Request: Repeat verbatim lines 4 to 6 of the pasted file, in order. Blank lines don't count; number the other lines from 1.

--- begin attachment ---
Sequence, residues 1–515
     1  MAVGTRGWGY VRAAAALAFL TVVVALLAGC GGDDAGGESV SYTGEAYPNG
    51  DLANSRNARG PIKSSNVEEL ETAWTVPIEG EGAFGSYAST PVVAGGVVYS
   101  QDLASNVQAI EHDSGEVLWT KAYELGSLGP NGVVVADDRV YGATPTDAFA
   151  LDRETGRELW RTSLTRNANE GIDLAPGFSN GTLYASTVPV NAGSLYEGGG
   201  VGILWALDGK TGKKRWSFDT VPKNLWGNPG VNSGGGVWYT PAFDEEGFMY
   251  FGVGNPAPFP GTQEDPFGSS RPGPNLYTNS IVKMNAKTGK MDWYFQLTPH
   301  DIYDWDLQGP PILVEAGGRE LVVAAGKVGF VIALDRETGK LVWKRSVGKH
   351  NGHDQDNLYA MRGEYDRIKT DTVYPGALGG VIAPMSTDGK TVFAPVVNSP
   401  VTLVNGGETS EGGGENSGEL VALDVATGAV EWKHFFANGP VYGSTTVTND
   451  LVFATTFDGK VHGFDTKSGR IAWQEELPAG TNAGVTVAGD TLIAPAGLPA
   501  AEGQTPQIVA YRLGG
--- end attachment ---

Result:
   101  QDLASNVQAI EHDSGEVLWT KAYELGSLGP NGVVVADDRV YGATPTDAFA
   151  LDRETGRELW RTSLTRNANE GIDLAPGFSN GTLYASTVPV NAGSLYEGGG
   201  VGILWALDGK TGKKRWSFDT VPKNLWGNPG VNSGGGVWYT PAFDEEGFMY